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Recent reviews in both Canada and Australia (Health Informatics Society of Australia 2009) have also identified an alarming shortage of skilled workers in the health information arena. National health information professional associations (HISA, HIMAA) were successful in urging the National Health and Hospital Reform Commission (NHHRC) to highlight workforce capacity building as a key component of the reform agenda.

Figure 1b: Extract from ICD-10-AMAcute appendicitisK35.0 Acute appendicitis with generalized peritonitis        *   appendicitis (acute) with:        *   perforation        *   peritonitis (generalized) (localized) following            rupture or perforation        *   ruptureK35.1 Acute appendicitis with peritoneal abscess        Abscess of appendixK35.9 Acute appendicitis, unspecified        Acute appendicitis with peritonitis, localized or NOS        Acute appendicitis without:        *   generalized peritonitis        *   perforation        *   peritoneal abscess        *   ruptureFigure 2b: Extract from ACHIAppendicectomyAPPENDIXEXCISION926       Appendicectomy30572-00  Laparoscopic appendicectomy30571-00  AppendicectomyIncidental appendectomy

There is recognition that the health information management and clinical coder workforce comprises the indispensable intellectual capital needed to achieve e-health initiatives. The Australian health information management and clinical coder workforce is well trained and supported in traditional roles. We note the HIMAA submission to NHHRC emphasises the opportunities for this workforce to support health information initiatives in primary and non-acute health care settings.

New opportunities are emerging, and new roles and responsibilities will evolve. Recent recruits and new graduates beginning a career in health information are likely to encounter a range of tasks and duties not previously performed in health information management or coding roles. We speculate that the future will demand that this workforce be able to understand and use clinical data captured in SNOMED CT (not just ICD/ACHI statistical data). Data extraction and analysis skills, health outcomes research and service performance monitoring are already becoming prominent demands. Our more experienced HIMs and clinical coders have a wealth of knowledge; their comprehensive understanding of medical terms and clinician use of vocabulary and documentation practice is priceless. We imagine that this workforce sector could make significant contributions to specifying EHR content, selecting and testing relevant SNOMED CT content suited for particular clinical specialties, and for expert assistance and support of adoption and implementation strategies.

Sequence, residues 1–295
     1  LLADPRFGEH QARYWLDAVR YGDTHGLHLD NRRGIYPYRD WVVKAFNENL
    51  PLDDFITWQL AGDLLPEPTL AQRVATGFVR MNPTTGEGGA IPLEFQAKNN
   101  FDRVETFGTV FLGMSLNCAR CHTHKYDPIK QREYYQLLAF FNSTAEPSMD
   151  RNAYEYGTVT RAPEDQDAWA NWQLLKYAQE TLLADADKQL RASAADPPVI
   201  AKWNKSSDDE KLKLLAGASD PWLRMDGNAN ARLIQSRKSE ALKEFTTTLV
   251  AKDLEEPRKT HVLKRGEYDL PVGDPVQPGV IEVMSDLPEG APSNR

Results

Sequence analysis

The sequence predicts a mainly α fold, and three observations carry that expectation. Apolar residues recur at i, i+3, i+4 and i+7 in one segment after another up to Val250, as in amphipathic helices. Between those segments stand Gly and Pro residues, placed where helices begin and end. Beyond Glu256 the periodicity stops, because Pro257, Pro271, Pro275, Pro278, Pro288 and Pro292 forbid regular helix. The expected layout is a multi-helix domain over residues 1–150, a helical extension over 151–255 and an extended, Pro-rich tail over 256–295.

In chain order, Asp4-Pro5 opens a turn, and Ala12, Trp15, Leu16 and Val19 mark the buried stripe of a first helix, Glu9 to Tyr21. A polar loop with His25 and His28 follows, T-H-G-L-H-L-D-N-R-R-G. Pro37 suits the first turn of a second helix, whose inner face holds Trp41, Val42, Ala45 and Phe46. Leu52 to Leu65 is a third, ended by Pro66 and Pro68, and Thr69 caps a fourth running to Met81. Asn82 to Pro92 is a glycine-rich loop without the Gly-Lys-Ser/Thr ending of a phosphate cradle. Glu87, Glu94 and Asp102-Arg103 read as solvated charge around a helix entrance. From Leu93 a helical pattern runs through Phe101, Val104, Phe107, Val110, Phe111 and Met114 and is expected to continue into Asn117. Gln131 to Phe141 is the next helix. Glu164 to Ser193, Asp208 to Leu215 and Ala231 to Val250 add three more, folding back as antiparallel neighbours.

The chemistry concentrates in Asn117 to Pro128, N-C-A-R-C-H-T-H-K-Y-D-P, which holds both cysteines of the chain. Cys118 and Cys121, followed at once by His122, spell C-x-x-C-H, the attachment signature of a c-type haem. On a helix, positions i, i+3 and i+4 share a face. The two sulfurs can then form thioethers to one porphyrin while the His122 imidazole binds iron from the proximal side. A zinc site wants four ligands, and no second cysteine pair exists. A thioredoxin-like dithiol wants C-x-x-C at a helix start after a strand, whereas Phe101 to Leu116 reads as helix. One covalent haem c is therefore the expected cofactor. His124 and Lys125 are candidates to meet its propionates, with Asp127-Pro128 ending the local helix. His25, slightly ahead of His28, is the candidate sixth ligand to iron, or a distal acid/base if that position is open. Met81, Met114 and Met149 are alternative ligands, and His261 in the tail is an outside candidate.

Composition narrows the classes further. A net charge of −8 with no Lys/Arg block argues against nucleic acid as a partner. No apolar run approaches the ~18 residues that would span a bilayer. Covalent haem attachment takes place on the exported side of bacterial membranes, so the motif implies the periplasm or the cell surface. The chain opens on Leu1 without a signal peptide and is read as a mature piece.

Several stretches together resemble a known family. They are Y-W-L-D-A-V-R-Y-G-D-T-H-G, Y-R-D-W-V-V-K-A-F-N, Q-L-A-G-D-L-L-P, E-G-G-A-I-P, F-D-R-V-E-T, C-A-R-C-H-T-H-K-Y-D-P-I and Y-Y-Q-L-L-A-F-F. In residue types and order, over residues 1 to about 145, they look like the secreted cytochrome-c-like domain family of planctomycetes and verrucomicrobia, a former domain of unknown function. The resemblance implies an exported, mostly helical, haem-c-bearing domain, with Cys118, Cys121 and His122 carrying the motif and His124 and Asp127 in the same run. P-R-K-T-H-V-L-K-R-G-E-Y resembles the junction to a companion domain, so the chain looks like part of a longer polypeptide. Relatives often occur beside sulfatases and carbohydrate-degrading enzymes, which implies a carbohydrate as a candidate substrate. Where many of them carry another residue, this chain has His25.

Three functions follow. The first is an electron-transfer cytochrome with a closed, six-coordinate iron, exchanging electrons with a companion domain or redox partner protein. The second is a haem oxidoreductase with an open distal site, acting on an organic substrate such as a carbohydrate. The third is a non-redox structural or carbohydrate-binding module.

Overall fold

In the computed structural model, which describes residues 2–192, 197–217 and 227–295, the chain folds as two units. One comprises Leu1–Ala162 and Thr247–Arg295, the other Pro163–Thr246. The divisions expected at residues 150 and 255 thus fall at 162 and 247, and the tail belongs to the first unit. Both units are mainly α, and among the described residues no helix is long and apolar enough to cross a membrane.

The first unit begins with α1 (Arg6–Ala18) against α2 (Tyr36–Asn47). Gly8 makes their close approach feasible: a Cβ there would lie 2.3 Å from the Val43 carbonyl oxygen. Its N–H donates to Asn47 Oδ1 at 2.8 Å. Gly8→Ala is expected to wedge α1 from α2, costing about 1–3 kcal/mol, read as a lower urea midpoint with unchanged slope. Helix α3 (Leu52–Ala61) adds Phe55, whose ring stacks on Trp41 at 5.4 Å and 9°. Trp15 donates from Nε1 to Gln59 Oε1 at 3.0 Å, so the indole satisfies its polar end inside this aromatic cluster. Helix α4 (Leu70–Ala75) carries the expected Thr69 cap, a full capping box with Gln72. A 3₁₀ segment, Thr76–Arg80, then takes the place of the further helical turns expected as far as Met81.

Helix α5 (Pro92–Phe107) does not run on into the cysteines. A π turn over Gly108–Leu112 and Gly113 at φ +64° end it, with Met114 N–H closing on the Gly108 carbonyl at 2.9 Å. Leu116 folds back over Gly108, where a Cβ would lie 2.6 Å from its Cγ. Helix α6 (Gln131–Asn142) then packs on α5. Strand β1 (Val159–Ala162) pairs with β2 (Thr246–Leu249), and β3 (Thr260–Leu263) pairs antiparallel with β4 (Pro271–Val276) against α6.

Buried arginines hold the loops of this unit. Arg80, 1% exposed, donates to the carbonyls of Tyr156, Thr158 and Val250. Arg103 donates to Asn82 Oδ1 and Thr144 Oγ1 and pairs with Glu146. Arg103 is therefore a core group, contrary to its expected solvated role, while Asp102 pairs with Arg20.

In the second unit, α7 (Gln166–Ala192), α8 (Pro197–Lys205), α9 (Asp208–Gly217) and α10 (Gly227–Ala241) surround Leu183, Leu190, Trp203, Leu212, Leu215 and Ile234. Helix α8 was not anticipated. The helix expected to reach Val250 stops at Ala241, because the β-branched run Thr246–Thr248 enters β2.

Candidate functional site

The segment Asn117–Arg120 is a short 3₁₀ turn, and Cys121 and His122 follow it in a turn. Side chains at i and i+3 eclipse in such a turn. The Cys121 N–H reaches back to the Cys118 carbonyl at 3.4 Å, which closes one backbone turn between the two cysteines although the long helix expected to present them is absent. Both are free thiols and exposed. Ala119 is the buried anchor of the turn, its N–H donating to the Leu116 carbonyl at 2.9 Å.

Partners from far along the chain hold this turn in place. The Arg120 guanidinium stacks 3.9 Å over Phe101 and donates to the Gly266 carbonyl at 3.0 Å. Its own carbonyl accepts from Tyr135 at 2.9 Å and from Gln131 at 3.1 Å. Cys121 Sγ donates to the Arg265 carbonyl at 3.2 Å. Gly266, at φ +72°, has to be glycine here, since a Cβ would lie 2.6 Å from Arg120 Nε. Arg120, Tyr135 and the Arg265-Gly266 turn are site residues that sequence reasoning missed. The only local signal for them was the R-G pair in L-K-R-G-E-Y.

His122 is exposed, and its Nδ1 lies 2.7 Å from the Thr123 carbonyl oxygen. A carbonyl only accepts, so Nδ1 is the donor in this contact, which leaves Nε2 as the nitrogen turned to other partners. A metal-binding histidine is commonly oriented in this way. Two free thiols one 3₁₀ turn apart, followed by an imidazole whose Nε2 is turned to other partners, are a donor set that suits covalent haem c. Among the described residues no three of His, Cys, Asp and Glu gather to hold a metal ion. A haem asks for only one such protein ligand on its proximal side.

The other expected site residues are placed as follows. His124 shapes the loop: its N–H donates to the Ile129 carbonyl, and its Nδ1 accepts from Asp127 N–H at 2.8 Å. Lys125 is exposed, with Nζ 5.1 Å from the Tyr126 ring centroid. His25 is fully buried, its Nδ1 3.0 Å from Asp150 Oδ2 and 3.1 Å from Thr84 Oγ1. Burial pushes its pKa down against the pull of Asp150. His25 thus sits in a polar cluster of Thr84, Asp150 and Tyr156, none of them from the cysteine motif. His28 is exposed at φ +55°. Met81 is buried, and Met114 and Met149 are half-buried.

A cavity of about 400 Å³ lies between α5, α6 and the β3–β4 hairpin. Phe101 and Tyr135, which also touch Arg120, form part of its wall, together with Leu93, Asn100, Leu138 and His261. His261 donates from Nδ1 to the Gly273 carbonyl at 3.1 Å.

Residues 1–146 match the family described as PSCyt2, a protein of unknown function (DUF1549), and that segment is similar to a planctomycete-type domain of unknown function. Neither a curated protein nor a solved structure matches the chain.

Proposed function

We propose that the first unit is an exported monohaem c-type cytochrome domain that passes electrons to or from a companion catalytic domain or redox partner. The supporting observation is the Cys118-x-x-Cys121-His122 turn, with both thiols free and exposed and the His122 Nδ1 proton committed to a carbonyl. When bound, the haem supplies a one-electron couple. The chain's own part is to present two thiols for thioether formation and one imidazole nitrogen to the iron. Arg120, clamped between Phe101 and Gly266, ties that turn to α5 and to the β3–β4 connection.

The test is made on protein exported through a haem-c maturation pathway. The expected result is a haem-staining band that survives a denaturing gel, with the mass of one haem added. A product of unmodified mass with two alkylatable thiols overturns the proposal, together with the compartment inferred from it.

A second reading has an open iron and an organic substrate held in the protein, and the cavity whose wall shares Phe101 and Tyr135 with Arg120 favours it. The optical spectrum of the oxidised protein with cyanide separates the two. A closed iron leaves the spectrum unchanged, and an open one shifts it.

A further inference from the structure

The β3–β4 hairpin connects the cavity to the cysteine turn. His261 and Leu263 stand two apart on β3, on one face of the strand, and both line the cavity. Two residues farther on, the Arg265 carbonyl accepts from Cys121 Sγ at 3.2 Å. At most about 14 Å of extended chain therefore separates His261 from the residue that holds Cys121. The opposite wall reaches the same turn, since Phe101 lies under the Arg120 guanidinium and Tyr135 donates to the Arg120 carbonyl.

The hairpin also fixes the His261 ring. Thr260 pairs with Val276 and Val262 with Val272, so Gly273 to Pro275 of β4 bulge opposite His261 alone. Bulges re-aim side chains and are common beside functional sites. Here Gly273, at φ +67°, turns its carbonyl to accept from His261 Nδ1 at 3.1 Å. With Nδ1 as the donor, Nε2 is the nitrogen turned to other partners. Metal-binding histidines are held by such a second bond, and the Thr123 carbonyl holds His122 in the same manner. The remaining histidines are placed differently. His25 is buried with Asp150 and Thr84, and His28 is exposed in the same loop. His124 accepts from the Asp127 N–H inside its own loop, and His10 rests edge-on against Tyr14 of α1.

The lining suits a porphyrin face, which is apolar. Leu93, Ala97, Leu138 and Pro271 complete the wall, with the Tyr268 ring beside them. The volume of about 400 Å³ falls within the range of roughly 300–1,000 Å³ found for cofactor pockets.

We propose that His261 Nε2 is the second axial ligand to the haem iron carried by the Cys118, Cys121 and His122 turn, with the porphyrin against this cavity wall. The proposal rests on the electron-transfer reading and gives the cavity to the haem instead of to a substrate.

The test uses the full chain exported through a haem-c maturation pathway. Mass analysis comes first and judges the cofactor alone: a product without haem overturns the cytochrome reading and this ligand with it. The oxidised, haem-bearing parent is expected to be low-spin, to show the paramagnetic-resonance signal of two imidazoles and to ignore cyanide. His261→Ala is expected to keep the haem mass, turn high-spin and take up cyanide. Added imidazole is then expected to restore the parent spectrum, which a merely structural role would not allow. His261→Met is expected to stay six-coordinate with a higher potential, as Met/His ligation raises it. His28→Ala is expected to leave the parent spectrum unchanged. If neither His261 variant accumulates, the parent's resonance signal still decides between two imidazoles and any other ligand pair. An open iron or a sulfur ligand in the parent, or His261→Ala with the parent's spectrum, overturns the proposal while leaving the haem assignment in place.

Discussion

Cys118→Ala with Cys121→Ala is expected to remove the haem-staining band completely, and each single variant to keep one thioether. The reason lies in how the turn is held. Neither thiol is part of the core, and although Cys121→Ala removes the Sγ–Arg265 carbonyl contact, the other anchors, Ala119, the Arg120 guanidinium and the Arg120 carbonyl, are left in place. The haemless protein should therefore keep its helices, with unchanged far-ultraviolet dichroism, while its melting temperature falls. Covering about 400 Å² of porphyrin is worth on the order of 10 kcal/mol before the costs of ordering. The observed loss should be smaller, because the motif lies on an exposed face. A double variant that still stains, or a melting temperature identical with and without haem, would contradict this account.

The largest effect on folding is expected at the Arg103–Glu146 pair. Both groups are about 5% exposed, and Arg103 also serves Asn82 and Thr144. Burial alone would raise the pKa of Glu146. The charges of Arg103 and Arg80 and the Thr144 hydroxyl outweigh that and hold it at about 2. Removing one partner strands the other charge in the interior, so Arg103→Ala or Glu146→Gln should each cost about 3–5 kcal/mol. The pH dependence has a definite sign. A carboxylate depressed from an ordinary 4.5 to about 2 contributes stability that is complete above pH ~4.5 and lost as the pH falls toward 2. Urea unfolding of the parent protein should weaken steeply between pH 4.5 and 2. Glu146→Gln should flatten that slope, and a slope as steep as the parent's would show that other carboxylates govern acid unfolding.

References

American Health Information Management Association (n.d.a). Building the workforce for health information transformation Available at: http://www.ahima.org/emerging_issues/ Workforce_web.pdf (accessed 8 Feb 2010).

American Health Information Management Association (n.d.b). Campus Courses. Available at: http://campus.ahima.org/ Campus/course_info/CTS/CTS_info.htm (accessed 8 Feb 2010).

American Medical Informatics Association (n.d.). AMIA 10 x 10 Program. Available at: https://www.amia.org/10x10 (accessed 8 Feb 2010).

Health Informatics Society of Australia (2009). Australian Health Information Workforce Review. [Online] Available at: http:// imianews.wordpress.com/2009/12/10/australian-healthinformatics -workforce-review/ (accessed 8 Feb 2010).

Health Informatics Society of Australia (n.d.). Australian Health Information Workforce Review. http://www.hisa.org.au/ (accessed 8 Feb 2010).

ICTC (2009). Health Informatics and Health Information Management Human Resources Report. Available at: http://www.ictc-ctic.ca/ uploadedFiles/Labour_Market _Intelligence/E-Health/HIHIM_ report_E_web.pdf (accessed 8 Feb 2010).

Donna Truran

Research Fellow (ACCTI Project Manager)

Australian Centre for Clinical Terminology and Information (ACCTI)

University of Wollongong

Wollongong NSW 2522

AUSTRALIA

Patricia Saad

Research Fellow (ACCTI Content Manager)

Australian Centre for Clinical Terminology and Information (ACCTI)

University of Wollongong

Wollongong NSW 2522

AUSTRALIA

Ming Zhang

Research Fellow (ACCTI Systems Manager)

Australian Centre for Clinical Terminology and Information (ACCTI)

University of Wollongong

Wollongong NSW 2522

AUSTRALIA

(1) See International Health Terminology Standards Development Organisation website: http://www.ihtsdo.org/

(2) National E-Health Transition Authority website: http://www.nehta.gov.au/

Corresponding author:

Kerry Innes

Senior Research Fellow (ACCTI Manager)

Australian Centre for Clinical Terminology and Information (ACCTI)

University of Wollongong

Wollongong NSW 2522

AUSTRALIA

email: innes@uow.edu.au